Trisha Baxter is the administrator for the state's Office of Payment Accuracy and Recovery.
Trisha Baxter: “At this point, Cascadia owes that to the state. If they can come up with additional documentation, then we'd be so happy. There is no doubt that those services were delivered, but we don't have the documentation to back up the payment of those claims.”
Despite those challenges, most of the other health providers in the state, and in fact in the country, successfully switched over to the new system.
In fact, the county says it actually gave Cascadia a chunk of money to help with the transition.
But Cascadia didn't just use the funding to try to transition to a new billing system.
The nonprofit used much of the money to help it take over a number of the region's smaller nonprofits.
Cascadia was formed in 2001 from three local mental health providers - and it continued to grow over the next several years by merging with other operators.
Phil Broyles: “I think they got too large too fast.
Phil Broyles is a former clinician for Cascadia.
Phil Broyles: “They didn't have the proper systems in place to handle the number of clients they have taken on and all that. I think it was poor planning, I don't think they planned for this big of an organization.”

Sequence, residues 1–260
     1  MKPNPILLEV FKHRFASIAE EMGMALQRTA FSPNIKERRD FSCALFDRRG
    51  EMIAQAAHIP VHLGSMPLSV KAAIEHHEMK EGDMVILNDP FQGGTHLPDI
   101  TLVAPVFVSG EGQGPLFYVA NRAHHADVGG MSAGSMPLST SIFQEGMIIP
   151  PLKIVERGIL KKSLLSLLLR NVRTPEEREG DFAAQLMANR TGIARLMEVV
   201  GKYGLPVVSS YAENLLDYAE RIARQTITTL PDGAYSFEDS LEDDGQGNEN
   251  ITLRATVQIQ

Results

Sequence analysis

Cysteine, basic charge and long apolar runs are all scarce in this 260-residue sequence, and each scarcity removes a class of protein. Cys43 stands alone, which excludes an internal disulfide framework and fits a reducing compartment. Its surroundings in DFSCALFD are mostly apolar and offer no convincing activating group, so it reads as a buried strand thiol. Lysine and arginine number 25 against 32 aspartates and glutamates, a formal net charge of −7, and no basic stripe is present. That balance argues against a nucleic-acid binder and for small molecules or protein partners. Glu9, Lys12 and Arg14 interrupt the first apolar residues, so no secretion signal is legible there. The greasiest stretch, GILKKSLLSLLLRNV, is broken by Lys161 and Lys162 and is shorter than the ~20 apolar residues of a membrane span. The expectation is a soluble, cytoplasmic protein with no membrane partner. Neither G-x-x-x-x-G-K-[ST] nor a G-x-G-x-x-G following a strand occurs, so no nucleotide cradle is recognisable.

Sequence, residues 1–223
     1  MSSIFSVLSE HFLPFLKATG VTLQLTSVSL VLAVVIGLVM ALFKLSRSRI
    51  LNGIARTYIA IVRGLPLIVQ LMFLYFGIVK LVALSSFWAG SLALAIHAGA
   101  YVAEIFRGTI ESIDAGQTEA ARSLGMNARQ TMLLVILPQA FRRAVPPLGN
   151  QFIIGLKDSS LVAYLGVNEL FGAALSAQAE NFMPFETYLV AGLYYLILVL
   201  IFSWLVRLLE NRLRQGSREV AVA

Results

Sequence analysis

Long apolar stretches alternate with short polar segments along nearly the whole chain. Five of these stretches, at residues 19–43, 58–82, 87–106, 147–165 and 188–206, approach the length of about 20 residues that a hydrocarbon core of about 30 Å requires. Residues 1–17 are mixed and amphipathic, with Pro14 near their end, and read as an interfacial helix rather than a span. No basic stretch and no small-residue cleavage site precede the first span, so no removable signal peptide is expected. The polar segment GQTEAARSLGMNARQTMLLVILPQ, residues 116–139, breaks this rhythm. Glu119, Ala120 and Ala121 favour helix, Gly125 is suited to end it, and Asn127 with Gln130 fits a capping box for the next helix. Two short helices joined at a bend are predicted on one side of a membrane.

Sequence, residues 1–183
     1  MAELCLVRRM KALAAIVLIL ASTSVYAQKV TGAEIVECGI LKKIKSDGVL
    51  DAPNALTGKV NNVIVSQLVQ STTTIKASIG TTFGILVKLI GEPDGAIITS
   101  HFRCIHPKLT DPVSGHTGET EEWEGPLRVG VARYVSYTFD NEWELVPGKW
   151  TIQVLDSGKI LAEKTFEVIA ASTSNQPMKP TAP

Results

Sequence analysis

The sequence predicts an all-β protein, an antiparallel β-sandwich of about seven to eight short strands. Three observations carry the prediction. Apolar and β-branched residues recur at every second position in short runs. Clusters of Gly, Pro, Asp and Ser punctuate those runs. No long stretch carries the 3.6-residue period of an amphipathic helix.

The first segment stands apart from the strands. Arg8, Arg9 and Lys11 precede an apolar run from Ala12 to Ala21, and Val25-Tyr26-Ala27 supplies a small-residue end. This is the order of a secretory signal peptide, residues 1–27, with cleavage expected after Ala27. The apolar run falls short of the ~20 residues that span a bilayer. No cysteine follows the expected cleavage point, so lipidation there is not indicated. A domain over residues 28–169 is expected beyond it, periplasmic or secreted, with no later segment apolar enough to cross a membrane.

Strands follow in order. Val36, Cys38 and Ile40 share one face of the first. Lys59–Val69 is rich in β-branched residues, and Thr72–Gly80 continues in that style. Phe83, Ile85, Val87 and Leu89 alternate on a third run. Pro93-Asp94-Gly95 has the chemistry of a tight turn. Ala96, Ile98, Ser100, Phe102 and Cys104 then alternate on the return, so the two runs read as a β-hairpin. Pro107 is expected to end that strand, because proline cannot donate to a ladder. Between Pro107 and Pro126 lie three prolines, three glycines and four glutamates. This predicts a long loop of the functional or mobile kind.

Many people inside and outside Cascadia agree.
They say the organization continued to rely on costly, and mistake-prone, paper billing for years.
Cascadia CEO Derald Walker says the idea behind the growth wasn't entirely flawed.
Derald Walker: “In the world of nonprofit healthcare, size actually can be in your favor because you are not duplicating administrative costs. But with 20/20 hindsight probably they did grow too fast and at some point, they should have consolidated their gains and made sure their financial reporting and such was equal to the size of the organization.”
Walker says since he wasn't around when those decisions were made he's not in a position to defend them.
And now, Cascadia is left picking up the pieces.
The transition plan will reduce the number of contracts from Cascadia's portfolio - meaning it will also reduce the county's reliance on one dominant operator.
Cascadia employees are being asked to learn new accounting rules - and some say they are being pressured to work harder and bill more. When Cascadia was days away from collapse, many workers stopped showing up for work.
Here's former clinician Phil Broyles again. He still works for Cascadia's housing office as a landlord, but says he resigned as a clinician after seeing other employees get pressured to increase their billing.
Phil Broyles: “Nonprofits are supposed to be nonprofits. Their bottom line is to provide a service to the community. And when you operate it like a company that sells widgets, then people get hurt.”
And it's those people who will be most affected by Cascadia's troubles. Under the county's new plan for Cascadia, half the children it serves must transfer to a new provider.
And some patients in Gresham and Portland will need to work with another health care operation.
Right now, the county is accepting input from the public about the plan.
Within a few weeks, officials hope to shrink the nonprofit, reduce the county's reliance on one mental health provider, and most importantly, stabilize care for the mentally ill.